Northern Map Turtle
The lines covering this turtle are thought to resemble rivers or contour lines on a road map. This is how the animal acquired its name.
- Female turtles are medium-sized, growing up to 27 cm. in length (10 in.), while the males are smaller, only growing to 13 cm. (5 in.).
- Olive or brown coloured carapace, covered with yellow or orange squiggly lines, yellow stripes cover the head and limbs.
- Head is large in relation to its body when compared with other turtles.
- Most have a small oval or triangular light spot behind the eye.
- Carapace has a toothed appearance along the rear scales and a peak or keel running along the back.
- Females will eat crayfish, clams and snails.
- Males eat smaller aquatic insects.
- Both will eat some carrion and plants.
Habits and Reproduction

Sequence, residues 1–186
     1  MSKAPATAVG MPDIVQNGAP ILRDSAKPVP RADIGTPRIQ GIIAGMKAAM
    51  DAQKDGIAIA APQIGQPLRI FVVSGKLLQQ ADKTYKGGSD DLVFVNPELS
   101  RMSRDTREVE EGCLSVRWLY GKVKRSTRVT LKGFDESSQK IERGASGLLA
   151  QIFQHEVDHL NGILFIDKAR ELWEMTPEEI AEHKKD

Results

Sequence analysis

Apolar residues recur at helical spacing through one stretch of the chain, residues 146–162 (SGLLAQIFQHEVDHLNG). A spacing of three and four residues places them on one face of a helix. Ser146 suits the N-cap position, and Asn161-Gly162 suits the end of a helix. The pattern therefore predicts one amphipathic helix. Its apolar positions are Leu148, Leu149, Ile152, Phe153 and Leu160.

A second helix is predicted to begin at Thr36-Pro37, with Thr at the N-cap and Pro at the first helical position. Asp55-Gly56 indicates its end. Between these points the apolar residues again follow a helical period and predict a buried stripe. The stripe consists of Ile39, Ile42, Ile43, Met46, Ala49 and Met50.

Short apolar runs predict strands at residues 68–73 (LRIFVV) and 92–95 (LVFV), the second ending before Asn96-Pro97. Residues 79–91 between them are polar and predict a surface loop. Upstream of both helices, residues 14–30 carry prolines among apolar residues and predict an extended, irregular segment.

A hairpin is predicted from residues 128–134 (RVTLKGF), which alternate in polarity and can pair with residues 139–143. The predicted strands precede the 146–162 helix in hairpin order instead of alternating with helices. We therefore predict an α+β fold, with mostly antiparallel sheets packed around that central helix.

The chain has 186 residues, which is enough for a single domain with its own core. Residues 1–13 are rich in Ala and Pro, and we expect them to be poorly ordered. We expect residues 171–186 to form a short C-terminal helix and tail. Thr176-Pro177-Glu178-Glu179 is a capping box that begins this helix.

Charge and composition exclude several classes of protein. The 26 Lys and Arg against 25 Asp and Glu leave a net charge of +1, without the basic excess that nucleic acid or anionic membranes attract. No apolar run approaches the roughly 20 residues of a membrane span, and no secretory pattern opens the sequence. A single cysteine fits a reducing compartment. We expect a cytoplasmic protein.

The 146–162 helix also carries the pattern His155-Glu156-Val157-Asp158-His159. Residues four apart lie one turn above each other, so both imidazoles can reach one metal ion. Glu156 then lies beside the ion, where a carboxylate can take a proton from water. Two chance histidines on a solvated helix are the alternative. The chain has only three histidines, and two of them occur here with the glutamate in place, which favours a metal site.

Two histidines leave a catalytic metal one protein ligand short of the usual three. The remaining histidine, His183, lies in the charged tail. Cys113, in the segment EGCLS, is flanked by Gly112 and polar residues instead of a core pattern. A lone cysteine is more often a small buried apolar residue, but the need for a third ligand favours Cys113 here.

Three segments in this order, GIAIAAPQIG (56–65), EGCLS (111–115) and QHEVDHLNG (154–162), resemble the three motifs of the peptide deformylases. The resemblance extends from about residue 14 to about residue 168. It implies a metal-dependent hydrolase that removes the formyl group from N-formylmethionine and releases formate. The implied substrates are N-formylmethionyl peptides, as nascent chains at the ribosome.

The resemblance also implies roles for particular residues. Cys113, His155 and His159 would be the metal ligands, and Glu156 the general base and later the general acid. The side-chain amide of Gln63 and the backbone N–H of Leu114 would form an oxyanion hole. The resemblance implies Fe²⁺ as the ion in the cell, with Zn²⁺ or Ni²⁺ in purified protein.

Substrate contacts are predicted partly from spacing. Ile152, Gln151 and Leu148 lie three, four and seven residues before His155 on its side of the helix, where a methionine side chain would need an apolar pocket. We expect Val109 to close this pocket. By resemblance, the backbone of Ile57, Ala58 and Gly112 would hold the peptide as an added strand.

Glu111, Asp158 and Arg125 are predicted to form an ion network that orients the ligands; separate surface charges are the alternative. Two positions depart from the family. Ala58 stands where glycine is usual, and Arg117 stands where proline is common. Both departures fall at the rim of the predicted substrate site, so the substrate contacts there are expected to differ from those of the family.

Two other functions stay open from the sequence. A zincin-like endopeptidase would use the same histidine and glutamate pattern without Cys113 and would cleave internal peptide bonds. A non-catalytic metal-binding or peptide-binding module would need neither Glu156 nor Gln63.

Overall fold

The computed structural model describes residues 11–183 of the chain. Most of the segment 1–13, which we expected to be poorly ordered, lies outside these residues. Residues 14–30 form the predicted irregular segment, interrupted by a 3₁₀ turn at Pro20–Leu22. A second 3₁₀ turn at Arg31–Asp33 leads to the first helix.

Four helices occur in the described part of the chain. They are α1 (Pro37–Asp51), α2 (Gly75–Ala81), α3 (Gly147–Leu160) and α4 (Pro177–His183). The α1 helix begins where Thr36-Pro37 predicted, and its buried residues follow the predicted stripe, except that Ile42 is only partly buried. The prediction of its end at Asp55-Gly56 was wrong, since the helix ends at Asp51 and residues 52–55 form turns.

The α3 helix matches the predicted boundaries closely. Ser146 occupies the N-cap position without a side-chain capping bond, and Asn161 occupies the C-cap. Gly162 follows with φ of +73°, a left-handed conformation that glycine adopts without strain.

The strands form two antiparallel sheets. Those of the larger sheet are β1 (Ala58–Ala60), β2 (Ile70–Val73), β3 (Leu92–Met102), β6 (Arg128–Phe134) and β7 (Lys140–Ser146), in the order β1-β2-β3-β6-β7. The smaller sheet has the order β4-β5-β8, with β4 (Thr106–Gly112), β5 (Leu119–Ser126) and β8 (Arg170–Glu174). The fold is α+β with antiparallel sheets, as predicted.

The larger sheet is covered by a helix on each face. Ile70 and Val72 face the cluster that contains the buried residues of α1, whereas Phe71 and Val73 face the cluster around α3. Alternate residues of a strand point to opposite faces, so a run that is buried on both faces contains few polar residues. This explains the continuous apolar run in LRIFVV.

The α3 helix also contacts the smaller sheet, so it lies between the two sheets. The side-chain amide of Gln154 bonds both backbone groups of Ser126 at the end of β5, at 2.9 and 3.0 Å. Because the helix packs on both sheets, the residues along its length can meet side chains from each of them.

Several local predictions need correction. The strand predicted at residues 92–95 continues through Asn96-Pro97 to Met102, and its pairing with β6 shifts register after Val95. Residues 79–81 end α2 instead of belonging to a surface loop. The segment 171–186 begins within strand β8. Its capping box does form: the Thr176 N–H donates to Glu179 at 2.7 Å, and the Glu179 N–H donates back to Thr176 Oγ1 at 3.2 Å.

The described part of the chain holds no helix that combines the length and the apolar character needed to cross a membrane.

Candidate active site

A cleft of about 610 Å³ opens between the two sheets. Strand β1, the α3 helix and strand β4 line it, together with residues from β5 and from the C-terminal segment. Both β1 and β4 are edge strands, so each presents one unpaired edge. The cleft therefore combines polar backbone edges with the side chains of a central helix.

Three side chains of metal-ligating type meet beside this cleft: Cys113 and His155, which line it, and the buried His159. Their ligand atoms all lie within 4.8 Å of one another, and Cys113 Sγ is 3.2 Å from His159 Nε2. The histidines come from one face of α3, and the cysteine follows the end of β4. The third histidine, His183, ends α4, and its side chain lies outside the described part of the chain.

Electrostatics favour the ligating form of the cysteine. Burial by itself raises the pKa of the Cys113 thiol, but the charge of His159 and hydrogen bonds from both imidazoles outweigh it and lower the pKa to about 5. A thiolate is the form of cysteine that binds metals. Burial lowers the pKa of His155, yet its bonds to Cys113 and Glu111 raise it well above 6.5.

- Hibernate from early November to early April.
- Highly aquatic and can swim long distances.
- A wary turtle that will dive in the water at the first sign of danger.
- Mating takes place in deeper waters, so little has been observed, however it probably occurs in spring and fall.
- In late June to early July, clutches of 10-12 oval eggs are laid in sunny, sandy areas.
- Hatching occurs late August to September. Nest temperature will determine the sex of the turtle. Temperatures of approximately 30 degrees Celsius produce females and cooler temperatures produce males.
- Males reach maturity between 3-5 years; females do not mature until 10 to 14 years.
- Shows preference for larger lakes, bays, rivers and open marshes, with mud, sand or gravel bottom.
- Habitat loss through shoreline development and recreational use. These turtles are sometimes struck by boats and boat wakes or the rise in water levels from a dam can damage nesting areas.
- Prey species such as clams may have high levels of heavy metals and other toxins.
- Operate watercraft with care. Please slow down near shorelines. This will benefit other species as well, from the Common Loon to the threatened Least Bittern.
- Read the Ontario Turtle Conservation Centre’s guide to Turtle Nests and Nest Protection.
- Find an injured turtle? Please see the information on the Ontario Turtle Conservation Centre’s website.